U.S. Naval Sea Cadets Learn Life Skills and Discipline
Writer / Christy Heitger-Ewing
When Sergio Fojo was 18 years old, he was invited by a friend to join him at a U.S. Naval Sea Cadet Corps training. Fojo thought, “Why not?” Not only did he like the program enough to stick with it and later join a branch of the military, but he’s also now a junior commanding officer with the program, recruiting and training new cadets.
The U.S. Naval Sea Cadet Corps is for boys and girls aged 10 to 17. Anyone is welcome to join (high schoolers, middle schoolers and home schoolers). The only three requirements are a C+ average minimum, U.S. citizen status, and staying away from gangs, drugs and alcohol.
Because the program is Navy-based, students learn the Sailor’s Creed as well as the 11 general orders of a sentry, just as a U.S. sailor would. Cadets also have to pass a physical readiness class just like they do in the Navy, which includes running, pushups and a plank.
Though it’s military-based, students don’t have to have plans to ultimately join the military in order to become part of this program – it’s not a high school ROTC program. Sanctioned by the U.S. Navy and U.S. Coast Guard, there are 400 units throughout the United States. All officers are volunteers. Fojo works with three other officers in Avon including Administrative Officer Ensign Allison Fojo, Finance Officer INST Alexa Gardner and Career Counselor INST Douglass Bitner.
Since they are sanctioned by the Navy, cadets wear the same uniforms as active-duty sailors. The only difference is that they wear patches to signify that they are Sea Cadets.
During the first 90 days of the program, cadets must accomplish enlisted coursework. Completion of this and active participation in every drill during those 90 days shows a commitment to the program. Whether students enroll or their parents sign them up, Fojo sits down with each cadet to ask what they like and don’t like about the drills.
“Though this is a great program for any type of student, the kids who tend to thrive are the ones who want to use it to do better in life,” Fojo says. “They are the ones who often have a plan.”
Other students check out Sea Cadets because their parents were in the military, they hear about some of the trainings or they are simply curious.
Once students are in their home units for 90 days, they are sent off to recruit training (RT), during which they learn structure from their drill instructors. RT is like basic training but lasts just two weeks, and generally takes place at a military base.
“Students come back way more respectful and obedient towards their parents and elders,” Fojo says. “That’s something a lot of parents love about the program.”
Once RT is completed, students are invited to pursue their areas of interest. That may be scuba diving, radio communications or other areas. For example, if they are interested in public safety, they can perhaps learn how to become a military cop.
“They get to engage in training in which they bust into buildings, rescue hostages, pull people over and read them their Miranda rights,” Fojo says.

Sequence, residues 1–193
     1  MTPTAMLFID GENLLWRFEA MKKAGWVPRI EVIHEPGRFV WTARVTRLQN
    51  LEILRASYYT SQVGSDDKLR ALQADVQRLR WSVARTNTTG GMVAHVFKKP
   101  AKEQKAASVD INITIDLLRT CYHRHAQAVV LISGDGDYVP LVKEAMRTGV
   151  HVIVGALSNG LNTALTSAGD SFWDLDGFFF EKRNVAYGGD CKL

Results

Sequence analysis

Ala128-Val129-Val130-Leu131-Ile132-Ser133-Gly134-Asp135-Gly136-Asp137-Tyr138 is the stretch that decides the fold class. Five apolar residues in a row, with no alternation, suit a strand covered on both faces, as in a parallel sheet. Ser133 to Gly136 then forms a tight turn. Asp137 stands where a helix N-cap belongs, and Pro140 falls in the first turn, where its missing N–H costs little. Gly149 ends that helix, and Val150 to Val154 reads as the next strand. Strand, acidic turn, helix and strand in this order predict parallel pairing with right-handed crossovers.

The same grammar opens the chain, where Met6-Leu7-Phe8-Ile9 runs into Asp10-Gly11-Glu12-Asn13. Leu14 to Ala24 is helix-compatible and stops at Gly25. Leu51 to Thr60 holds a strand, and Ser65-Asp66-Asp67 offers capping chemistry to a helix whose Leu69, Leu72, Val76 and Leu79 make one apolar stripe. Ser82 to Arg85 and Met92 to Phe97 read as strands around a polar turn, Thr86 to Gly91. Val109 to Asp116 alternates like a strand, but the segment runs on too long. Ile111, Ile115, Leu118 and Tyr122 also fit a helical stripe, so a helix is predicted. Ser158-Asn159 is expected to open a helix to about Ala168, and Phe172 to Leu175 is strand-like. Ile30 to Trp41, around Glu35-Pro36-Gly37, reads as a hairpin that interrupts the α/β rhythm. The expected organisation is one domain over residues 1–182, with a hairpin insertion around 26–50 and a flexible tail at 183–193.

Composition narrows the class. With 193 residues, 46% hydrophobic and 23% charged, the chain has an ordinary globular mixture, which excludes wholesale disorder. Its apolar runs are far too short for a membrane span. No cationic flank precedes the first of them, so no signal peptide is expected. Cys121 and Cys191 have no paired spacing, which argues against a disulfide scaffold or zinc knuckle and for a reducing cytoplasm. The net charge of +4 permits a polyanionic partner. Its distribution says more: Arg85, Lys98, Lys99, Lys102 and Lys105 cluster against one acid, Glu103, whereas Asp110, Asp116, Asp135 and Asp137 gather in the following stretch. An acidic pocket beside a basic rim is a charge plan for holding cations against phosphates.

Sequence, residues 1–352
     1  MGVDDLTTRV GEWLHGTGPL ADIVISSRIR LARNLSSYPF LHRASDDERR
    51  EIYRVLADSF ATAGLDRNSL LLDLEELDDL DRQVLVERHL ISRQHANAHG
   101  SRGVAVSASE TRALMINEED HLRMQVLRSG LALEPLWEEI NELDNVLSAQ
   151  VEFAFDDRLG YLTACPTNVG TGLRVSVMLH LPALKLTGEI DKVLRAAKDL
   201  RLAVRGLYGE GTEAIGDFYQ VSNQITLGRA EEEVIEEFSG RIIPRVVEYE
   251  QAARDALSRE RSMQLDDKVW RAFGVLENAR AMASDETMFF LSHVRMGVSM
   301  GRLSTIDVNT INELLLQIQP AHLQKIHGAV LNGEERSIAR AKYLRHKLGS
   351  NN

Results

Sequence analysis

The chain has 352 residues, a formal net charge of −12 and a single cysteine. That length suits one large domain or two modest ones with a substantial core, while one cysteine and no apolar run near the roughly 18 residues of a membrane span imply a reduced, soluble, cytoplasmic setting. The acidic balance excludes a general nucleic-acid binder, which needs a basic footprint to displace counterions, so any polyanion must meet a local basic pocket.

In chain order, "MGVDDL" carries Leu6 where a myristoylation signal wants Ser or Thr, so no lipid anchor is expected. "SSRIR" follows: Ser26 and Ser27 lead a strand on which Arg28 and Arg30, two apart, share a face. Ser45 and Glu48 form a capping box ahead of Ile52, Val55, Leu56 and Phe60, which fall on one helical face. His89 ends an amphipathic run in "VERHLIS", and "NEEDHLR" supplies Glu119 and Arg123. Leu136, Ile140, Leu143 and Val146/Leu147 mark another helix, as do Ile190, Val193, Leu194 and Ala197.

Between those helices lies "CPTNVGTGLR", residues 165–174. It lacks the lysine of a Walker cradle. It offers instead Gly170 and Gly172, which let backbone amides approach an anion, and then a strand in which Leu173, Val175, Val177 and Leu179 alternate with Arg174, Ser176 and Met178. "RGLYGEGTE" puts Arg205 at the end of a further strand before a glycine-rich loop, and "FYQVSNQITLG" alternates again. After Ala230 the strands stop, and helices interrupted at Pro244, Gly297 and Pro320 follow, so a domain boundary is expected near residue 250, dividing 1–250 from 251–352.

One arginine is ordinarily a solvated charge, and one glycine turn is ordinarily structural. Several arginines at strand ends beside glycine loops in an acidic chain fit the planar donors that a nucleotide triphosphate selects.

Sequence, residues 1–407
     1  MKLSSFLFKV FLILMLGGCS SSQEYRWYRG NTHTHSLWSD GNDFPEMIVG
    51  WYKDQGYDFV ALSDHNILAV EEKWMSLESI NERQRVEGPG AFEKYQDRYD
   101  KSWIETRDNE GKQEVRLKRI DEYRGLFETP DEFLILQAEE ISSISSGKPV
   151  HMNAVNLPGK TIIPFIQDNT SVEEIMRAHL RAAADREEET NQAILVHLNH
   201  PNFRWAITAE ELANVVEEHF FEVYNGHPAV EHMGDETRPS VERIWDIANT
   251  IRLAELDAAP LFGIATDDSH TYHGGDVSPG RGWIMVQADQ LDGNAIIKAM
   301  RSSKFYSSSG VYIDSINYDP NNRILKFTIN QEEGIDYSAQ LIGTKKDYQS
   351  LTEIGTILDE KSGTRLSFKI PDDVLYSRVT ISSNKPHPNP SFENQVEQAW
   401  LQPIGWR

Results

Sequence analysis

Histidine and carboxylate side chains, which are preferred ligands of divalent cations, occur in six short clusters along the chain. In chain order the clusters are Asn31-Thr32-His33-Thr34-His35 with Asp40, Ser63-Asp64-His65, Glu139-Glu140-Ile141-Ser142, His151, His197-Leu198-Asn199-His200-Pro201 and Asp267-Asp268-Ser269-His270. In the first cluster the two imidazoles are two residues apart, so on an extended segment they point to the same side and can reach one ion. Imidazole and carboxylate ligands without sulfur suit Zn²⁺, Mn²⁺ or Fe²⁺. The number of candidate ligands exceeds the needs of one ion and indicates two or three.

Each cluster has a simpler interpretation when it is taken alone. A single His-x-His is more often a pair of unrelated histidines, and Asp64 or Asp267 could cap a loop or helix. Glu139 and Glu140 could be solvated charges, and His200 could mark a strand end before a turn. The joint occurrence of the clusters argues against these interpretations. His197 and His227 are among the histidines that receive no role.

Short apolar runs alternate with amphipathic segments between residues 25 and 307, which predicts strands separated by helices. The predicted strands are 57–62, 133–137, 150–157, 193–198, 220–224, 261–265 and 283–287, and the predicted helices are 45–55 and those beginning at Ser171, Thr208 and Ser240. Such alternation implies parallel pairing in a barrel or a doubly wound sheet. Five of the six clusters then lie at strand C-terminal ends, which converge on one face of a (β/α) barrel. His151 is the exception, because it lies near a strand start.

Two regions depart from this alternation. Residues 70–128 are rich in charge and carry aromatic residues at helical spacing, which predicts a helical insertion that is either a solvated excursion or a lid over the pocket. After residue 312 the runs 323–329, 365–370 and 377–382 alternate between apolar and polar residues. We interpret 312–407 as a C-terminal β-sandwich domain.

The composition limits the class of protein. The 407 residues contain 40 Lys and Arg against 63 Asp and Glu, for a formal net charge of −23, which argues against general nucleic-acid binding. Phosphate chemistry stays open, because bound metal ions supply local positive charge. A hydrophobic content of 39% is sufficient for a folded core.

Kids who are musically talented can audition for the chance to travel to Washington, D.C., and perform for the president with other cadets from all over the nation.
Former Cadet Jack Croiser says joining the Sea Cadets changed the trajectory of his life by giving him insight into career options in the Navy.
“Now I’m a Master-At-Arms with the Navy and I’m doing things I never thought I would’ve been able to do,” Croiser says. “I owe it all to the Sea Cadets. Without that, I probably wouldn’t have enlisted in the Navy.”
Fojo’s unit holds their drills at the Avon American Legion. They meet on the second weekend of each month for eight-hour drills on Saturday and Sunday. At these drills, students are taught how to march and salute, along with a variety of other lessons and tasks. For instance, at a recent drill Fojo trained his cadets on car maintenance, including how to change oil, change a tire and check brakes. Fojo’s wife, a recruiting and supply officer with the program, taught the cadets how to sew, write a check and create a resume.
“We taught them a number of life skills that schools don’t teach anymore,” says Fojo, who has taken his unit to military museums so they can see what aircraft and tanks look like. In January the cadets have a uniform inspection to ensure their uniforms are pristine and their shoes shined, as is expected in the military.
Students and parents are allowed to visit the unit for two drills to check it out. It gives parents a chance to ask questions of the commanding officers, and lets students chat with the cadets.
Though no one who joins the Naval Sea Cadet Corps is obligated to enlist in the military, those who do find the transition much smoother because they have already learned so much. For students who want to attend college or pursue some other career path, they are eligible for scholarships and grants through the program.
Fojo regularly sees a huge shift in maturity level as cadets make their way through the training. Some kids come in with immature attitudes, displaying disrespectful behavior. Over time, however, they not only learn to always address officers as “sir” or “ma’am,” but they also maintain a positive attitude.
Former Cadet Scott Williamson says the Sea Cadets program enabled him to try out several different pathways that the military has to offer, which ultimately helped him contemplate future career options.
“It’s given me some exciting opportunities that are related to my current career field as a pilot,” he says.
For more information, email Fojo at email@example.com or visit seacadets.org.